Lysimachia lanceolata Walter
Family: Primulaceae
Lance-Leaf Yellow-Loosestrife,  more...
Lysimachia lanceolata image
Paul Rothrock  
Stems erect, simple or sometimes branched distally, 1-10 dm, glabrous (rarely sparsely stipitate-glandular or pubescent near nodes); rhizomes slender; bulblets absent. Leaves opposite or whorled near stem apex, dimorphic; distal petioles absent or 0.1-0.7 cm, proximal 0.3-2(-3.5) cm, ciliate proximally, cilia 0.3-1.2(-2) mm; distal blades narrowly elliptic to elliptic-lanceolate or linear-lanceolate, proximal blades broadly elliptic or lanceolate, distal 3-18 × 0.2-1.6 cm, proximal 2-5 × 0.6-1.8 cm, bases of distal leaves cuneate, decurrent, bases of proximal leaves rounded to obtuse or cuneate, decurrent, margins entire (rarely serrulate), plane, ciliolate proximally, apex rounded to acute or acuminate, surfaces not punctate, glabrous; venation pinnate-arcuate. Inflorescences axillary, solitary flowers. Pedicels 1-5 cm, glabrous to sparsely stipitate-glandular (rarely pubescent). Flowers: sepals 5, calyx not streaked, 3.5-8(-10) mm, glabrous or stipitate-glandular, lobes narrowly lanceolate to ovate, margins thin; petals 5, corolla yellow, sometimes with slightly reddish base, not streaked, rotate, 4-10 mm, lobes with margins slightly erose apically, apex apiculate or mucronate, sparsely stipitate-glandular adaxially; filaments distinct or nearly so, shorter than corolla; staminodes 0.7-1 mm. Capsules 2-5 mm, usually not punctate, glabrous or slightly stipitate-glandular distally. 2n = 34. Flowering summer-fall. Moist roadsides, mixed and deciduous forests, edges of wet meadows, lake shores, swales in open prairie, rocky sites; 0-1600 m; Man., Ont.; Ala., Ark., Del., D.C., Fla., Ga., Ill., Ind., Iowa, Ky., La., Md., Mich., Miss., Mo., N.J., N.C., N.Dak., Ohio, Okla., Pa., S.C., Tenn., Tex., Va., W.Va., Wis. Reports of Lysimachia lanceolata from Connecticut and Maine were based on specimens of L. hybrida initially identified as L. lanceolata subsp. hybrida. V. J. Coffey and S. B. Jones (1980), using garden studies, concluded that this species differed from the similar Lysimachia hybrida in some features, mostly dealing with leaf shape and amount of marginal cilia. Herbarium specimens examined by me showed much more overlap in these characters; clearly these two species need further work. Coffey and Jones also reported, interestingly, that L. lanceolata was less susceptible to aphid infestation than L. hybrida.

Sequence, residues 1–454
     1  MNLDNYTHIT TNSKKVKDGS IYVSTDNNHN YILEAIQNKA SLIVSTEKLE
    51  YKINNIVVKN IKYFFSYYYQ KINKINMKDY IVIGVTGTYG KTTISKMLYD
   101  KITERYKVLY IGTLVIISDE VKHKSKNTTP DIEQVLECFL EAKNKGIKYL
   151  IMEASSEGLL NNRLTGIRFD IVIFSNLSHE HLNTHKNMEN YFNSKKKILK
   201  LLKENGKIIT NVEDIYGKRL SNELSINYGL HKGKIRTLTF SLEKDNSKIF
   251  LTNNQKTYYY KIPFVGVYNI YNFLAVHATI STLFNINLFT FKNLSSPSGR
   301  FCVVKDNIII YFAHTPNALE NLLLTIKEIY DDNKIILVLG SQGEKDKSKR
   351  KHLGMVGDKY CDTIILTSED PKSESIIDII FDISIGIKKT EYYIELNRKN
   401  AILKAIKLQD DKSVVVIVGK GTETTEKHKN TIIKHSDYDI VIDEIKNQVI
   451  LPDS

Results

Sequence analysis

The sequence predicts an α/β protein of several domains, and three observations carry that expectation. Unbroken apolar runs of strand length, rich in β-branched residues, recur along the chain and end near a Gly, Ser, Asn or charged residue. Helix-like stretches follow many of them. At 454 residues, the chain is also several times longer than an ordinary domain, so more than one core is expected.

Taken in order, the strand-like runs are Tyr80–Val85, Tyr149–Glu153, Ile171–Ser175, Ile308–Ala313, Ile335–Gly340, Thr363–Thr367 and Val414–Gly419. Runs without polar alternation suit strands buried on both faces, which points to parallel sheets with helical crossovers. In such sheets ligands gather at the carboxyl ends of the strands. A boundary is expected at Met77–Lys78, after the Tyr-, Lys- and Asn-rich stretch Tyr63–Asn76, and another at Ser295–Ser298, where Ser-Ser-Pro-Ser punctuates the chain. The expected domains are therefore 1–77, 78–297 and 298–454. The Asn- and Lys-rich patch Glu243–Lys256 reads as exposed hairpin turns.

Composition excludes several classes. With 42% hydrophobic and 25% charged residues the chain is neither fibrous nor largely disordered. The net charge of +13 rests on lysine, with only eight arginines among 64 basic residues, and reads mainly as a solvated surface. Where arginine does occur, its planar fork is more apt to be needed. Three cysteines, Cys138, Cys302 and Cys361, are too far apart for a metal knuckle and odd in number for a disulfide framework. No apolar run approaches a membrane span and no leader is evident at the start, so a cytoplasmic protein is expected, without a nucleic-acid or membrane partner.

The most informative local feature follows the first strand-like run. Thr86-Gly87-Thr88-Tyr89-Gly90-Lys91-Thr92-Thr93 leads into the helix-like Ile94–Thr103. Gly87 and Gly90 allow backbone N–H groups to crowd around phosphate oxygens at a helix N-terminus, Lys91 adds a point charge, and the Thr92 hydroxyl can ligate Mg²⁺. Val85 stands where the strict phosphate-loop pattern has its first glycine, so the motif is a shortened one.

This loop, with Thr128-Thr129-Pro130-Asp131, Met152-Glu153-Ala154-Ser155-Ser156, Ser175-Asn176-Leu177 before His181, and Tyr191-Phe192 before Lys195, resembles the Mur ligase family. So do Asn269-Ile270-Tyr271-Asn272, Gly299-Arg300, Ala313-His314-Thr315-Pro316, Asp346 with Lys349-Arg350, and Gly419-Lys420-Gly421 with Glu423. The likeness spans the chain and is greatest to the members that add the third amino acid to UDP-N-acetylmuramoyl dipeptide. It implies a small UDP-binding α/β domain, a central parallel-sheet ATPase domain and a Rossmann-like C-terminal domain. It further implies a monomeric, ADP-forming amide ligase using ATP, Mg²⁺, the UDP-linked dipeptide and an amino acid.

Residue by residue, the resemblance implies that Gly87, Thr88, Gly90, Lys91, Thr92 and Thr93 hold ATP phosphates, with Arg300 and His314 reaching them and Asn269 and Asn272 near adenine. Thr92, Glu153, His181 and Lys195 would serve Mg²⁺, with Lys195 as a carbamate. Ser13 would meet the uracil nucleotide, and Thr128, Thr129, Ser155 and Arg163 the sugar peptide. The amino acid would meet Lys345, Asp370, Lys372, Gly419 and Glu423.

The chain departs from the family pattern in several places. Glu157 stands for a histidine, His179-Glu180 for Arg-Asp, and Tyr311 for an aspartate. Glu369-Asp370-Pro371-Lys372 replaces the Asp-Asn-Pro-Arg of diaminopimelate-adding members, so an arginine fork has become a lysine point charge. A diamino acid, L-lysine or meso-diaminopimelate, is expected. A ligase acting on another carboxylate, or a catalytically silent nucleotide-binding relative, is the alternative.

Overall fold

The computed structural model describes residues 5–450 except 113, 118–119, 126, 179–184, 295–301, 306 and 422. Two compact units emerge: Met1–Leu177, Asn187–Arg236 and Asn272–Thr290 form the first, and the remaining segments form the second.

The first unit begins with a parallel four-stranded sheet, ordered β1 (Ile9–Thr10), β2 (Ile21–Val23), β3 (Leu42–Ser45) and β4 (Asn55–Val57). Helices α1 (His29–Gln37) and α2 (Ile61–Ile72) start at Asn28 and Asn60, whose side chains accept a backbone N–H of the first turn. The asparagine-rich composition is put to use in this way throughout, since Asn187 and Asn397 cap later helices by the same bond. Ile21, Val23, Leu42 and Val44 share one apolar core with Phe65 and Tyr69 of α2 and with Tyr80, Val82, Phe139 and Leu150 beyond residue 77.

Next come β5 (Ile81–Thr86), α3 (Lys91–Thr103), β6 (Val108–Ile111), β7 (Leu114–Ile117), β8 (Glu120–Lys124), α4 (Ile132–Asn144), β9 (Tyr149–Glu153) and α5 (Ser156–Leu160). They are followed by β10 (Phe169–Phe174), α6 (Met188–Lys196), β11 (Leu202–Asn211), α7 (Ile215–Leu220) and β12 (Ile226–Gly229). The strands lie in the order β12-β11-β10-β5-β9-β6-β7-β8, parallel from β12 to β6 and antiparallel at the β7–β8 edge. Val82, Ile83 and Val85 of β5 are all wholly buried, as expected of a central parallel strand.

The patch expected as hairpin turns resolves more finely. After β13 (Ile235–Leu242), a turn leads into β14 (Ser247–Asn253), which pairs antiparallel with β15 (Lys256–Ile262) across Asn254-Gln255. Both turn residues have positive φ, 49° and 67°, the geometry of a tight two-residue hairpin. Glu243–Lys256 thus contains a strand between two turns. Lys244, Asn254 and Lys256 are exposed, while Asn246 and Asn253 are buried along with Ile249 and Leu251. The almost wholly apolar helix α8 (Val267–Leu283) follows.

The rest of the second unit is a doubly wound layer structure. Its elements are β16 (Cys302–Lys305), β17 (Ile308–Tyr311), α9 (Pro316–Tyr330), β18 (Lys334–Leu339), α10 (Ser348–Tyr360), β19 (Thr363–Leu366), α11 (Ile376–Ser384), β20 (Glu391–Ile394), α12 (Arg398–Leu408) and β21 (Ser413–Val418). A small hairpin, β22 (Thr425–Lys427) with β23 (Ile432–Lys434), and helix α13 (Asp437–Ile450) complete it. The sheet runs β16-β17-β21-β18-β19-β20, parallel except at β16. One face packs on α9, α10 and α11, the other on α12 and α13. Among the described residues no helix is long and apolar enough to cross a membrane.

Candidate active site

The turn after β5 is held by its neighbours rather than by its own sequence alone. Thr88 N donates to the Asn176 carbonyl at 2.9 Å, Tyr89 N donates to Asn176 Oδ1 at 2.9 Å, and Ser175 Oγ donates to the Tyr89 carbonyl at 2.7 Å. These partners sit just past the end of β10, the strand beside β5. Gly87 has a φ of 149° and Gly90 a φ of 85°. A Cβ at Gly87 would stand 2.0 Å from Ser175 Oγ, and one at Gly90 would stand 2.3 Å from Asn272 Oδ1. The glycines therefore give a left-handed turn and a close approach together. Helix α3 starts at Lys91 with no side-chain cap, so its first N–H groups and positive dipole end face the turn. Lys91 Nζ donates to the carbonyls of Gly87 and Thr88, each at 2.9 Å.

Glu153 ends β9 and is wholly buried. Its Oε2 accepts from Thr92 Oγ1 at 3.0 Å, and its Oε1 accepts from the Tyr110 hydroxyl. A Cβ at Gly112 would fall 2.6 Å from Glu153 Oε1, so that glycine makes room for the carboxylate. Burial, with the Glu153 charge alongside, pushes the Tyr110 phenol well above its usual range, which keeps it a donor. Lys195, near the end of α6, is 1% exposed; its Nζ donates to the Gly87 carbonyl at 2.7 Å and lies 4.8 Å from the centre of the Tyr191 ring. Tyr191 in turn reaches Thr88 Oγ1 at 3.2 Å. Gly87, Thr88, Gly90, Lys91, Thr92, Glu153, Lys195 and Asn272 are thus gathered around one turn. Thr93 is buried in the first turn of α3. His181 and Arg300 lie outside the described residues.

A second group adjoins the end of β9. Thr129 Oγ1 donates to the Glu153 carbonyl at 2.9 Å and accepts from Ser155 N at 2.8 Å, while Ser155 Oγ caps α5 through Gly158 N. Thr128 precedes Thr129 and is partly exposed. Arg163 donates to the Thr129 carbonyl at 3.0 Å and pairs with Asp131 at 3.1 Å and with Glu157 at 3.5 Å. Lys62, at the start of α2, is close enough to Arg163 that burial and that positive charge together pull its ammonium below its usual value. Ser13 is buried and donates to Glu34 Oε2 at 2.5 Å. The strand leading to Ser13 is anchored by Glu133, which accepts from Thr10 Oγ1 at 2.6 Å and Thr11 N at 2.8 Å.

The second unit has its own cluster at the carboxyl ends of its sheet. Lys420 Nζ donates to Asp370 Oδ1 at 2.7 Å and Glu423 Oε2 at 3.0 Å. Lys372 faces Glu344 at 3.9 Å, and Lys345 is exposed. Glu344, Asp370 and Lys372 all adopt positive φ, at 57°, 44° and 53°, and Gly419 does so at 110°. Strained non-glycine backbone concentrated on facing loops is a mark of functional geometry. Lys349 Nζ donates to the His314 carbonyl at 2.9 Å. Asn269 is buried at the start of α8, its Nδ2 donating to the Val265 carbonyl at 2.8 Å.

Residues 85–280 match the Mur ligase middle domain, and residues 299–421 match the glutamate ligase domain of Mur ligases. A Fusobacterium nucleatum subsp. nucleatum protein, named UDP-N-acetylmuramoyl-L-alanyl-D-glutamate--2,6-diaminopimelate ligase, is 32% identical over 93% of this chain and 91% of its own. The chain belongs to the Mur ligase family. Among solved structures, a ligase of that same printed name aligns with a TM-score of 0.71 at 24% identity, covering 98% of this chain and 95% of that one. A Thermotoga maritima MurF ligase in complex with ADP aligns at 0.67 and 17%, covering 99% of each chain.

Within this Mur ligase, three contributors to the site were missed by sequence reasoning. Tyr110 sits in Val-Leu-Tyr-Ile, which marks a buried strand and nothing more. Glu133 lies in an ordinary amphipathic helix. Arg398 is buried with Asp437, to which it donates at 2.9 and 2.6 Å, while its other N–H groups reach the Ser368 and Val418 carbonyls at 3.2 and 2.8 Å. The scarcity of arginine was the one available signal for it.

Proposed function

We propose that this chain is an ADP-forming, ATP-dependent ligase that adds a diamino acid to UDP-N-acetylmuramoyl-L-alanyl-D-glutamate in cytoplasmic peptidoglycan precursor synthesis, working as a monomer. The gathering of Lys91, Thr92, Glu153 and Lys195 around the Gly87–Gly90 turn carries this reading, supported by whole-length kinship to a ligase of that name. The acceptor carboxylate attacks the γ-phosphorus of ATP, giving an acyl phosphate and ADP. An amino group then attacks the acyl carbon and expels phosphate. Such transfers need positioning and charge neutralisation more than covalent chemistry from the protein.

Erect from long, slender, stoloniform, superficial rhizomes, 2-9 dm, the lateral branches scarcely exceeding the subtending lvs; lower cauline lvs ovate to obovate, petioled; principal lvs linear to lanceolate or narrowly oblong, to 15 נ1.5 cm, often folded along the midrib, paler beneath, scabrellous on the margin or ciliate near the base, gradually tapering below, often with little or no distinction of petiole and blade; cal-lobes firm, 4-7 mm, the nerves, especially the lateral ones, obscure or hidden; cor-lobes 5-10 נ4-6 mm; fr 2-4.5 mm thick; 2n=34. Moist or wet woods and prairies; N.J. and Pa. to n. Fla., w. to Wis., Io., Mo., and e. Tex. June-Aug. (Steironema l.; S. heterophyllum)

Gleason, Henry A. & Cronquist, Arthur J. 1991. Manual of vascular plants of northeastern United States and adjacent Canada. lxxv + 910 pp.

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From Flora of Indiana (1940) by Charles C. Deam
Rather frequent in small colonies in dry soil on the crests and slopes of black and white oak ridges, in dry prairies, and rarely in moist soil and then usually in a slightly acid soil and usually associated with black chokeberry or sweet gum. In the woods it is most commonly associated with black and white oak. Small plants usually have their leaf blades more or less folded inward. The fact that this species is difficult to separate from the next one [Lysimachia hybrida] led me to place it under cultivation. I have found it very responsive to light and moisture. I think these two factors and temperature greatly change the appearance of the mature plants. The plants send up one or two sets of basal leaves late in autumn or early winter. These leaves are usually short and obtuse and have long petioles. In mild winters when the crown of the plant is protected these basal leaves persist, sometimes until maturity. In some plants these early leaves are killed and no leaves will be seen from the first few short internodes. Crowding, too, has much the same effect in killing off the early leaves. The length of the internodes is easily accounted for when the habitat and moisture are known. The next species usually grows in very wet places, usually inundated more or less until late spring. Many plants begin their growth under water and the submerged leaves die off and are later replaced by stipular leaves that are smaller and usually much narrower. In 1937 it was very wet and one bed of my plants set their principal cauline leaves at the third node, but usually these leaves begin about the fifth node.